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Rocking chair brings awareness to long term care facilities

Posted: June 21, 2016

(June 21, 2016)

Author: Kelly Snider, Orléans Star

GOVERNMENT. Members of the Ontario Health Coalition brought a 10-foot tall wooden rocking chair to Orléans on June 14, to help bring awareness to the issues surrounding the care standards at long-term care facilities.

“Our goal is to [bring attention] to the issues of the inadequate care in long-term homes and to pressure the government to address it,” said Peter Boyle, volunteer and tour lead. “There are two issues, one the issue of inadequate care levels and the issues of long wait lists and access to care.”

Boyle said a law was in place that each resident had to have just over two hours of care per day. However, in the late 90’s the law changed and now there is no set time as to how much care is dedicated to each resident.

He said they would like to see a standard set of four hours per day per resident for hands on care.

“It would be hard to determine that they’re getting the four hours, and doubt they got the 2.5 hours, because when the government gives out numbers they include [time spent] on the documentation and paper work for each patient,” said Boyle. “What happens is elderly are put in diapers because they can’t get the care they need to get out of bed.”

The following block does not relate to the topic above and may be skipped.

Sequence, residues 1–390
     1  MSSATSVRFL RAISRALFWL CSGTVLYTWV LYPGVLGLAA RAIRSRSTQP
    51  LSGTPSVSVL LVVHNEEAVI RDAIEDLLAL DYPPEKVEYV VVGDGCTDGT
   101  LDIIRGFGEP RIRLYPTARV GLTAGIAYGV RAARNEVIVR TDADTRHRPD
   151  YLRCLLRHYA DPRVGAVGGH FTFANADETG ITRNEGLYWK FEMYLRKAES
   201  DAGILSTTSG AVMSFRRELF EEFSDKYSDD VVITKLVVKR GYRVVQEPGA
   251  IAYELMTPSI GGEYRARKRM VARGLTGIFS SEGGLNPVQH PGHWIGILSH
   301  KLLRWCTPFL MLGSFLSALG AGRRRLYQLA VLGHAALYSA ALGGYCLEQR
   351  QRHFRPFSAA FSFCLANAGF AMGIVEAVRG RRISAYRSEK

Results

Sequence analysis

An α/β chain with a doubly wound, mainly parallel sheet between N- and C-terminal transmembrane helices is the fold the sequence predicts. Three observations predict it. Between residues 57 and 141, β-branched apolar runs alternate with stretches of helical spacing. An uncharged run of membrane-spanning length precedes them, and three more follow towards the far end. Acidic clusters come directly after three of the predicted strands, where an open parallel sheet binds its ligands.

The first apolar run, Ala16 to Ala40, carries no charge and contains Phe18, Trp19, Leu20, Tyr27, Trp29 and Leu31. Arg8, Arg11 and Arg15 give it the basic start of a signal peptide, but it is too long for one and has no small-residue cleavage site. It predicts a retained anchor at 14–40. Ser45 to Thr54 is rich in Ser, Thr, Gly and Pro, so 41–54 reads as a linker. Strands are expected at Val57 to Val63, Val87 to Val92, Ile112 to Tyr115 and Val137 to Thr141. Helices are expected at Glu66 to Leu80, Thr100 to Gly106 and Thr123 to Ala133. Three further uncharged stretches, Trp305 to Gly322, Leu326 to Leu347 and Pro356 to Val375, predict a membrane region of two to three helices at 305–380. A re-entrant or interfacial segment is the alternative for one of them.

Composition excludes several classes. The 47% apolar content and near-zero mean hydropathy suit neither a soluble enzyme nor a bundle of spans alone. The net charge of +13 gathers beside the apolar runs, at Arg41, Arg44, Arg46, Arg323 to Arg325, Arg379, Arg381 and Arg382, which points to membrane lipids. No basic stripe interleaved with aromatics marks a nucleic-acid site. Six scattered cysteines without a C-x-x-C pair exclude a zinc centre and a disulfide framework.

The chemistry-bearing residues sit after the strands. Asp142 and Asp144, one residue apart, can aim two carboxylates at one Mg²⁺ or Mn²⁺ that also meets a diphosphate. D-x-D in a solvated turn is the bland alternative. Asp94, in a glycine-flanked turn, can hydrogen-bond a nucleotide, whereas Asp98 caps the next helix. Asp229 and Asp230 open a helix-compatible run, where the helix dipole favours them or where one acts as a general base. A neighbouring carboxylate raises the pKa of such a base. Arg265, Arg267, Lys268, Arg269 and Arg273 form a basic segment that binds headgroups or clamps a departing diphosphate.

Boyle said it is also an issue for residents to be put into a long-care home in their own community.

“They’re forced to take the first available bed, which could be an hour drive way. Then the family is trying to [get to the home] between work hours and it puts stress on a family.”

Boyle added they are also concerned about hospital cuts. “The cuts continue to get worse, and there are fewer beds and patients are getting pushed out. There is no plan from [provincial government] to provide enough long term care to meet the load of hospital patients.”

“There have been 20,000 people on long-term care waitlists for over a decade and there are only 8,000 long-term care homes available in Ontario.”

Boyle said they want to make the general public aware of these issues. “We want [the general public] to write to their MPPs and say we need to do something, we have standards of care when it comes to  [daycare or education] but when it comes to elderly there are no regulations.”

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